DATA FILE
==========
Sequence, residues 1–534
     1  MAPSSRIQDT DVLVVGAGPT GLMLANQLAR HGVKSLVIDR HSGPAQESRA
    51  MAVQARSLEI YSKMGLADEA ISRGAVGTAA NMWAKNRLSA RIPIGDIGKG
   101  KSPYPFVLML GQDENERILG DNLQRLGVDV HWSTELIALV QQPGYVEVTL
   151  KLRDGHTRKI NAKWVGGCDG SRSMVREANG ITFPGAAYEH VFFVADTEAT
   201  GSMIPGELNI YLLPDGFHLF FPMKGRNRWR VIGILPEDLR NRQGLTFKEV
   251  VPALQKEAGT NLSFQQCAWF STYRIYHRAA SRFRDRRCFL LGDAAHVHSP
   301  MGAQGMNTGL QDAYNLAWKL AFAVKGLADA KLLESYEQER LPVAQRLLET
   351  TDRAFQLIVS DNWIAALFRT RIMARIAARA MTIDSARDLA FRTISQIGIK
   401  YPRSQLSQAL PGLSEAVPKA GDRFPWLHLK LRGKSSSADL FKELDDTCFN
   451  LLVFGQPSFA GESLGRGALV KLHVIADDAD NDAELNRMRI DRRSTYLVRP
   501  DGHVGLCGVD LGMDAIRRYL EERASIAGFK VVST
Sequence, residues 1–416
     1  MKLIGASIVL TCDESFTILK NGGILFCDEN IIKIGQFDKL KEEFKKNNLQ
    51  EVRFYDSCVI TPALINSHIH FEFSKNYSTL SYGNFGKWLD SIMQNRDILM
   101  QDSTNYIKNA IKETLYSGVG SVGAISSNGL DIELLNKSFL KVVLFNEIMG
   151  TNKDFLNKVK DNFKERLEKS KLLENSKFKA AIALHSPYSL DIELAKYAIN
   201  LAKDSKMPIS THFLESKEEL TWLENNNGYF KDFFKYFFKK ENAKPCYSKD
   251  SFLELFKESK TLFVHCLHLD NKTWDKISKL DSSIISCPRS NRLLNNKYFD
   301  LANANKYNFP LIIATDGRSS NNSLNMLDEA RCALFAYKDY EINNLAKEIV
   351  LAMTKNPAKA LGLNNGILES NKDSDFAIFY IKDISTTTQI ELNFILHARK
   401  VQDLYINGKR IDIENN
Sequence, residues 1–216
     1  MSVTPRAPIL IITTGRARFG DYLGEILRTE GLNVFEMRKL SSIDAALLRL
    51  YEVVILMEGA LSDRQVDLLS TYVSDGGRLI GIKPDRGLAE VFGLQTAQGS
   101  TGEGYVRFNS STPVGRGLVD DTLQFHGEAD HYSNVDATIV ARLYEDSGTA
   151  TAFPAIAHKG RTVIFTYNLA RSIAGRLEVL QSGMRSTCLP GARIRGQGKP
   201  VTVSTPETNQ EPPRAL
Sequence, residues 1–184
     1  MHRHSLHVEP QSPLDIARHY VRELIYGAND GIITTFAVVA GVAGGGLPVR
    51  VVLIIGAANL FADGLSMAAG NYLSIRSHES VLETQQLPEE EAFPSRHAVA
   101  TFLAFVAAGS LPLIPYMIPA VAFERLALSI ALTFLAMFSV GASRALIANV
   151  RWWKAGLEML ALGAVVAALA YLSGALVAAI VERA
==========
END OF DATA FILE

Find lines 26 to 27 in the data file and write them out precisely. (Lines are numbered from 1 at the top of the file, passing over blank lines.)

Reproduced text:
   101  TGEGYVRFNS STPVGRGLVD DTLQFHGEAD HYSNVDATIV ARLYEDSGTA
   151  TAFPAIAHKG RTVIFTYNLA RSIAGRLEVL QSGMRSTCLP GARIRGQGKP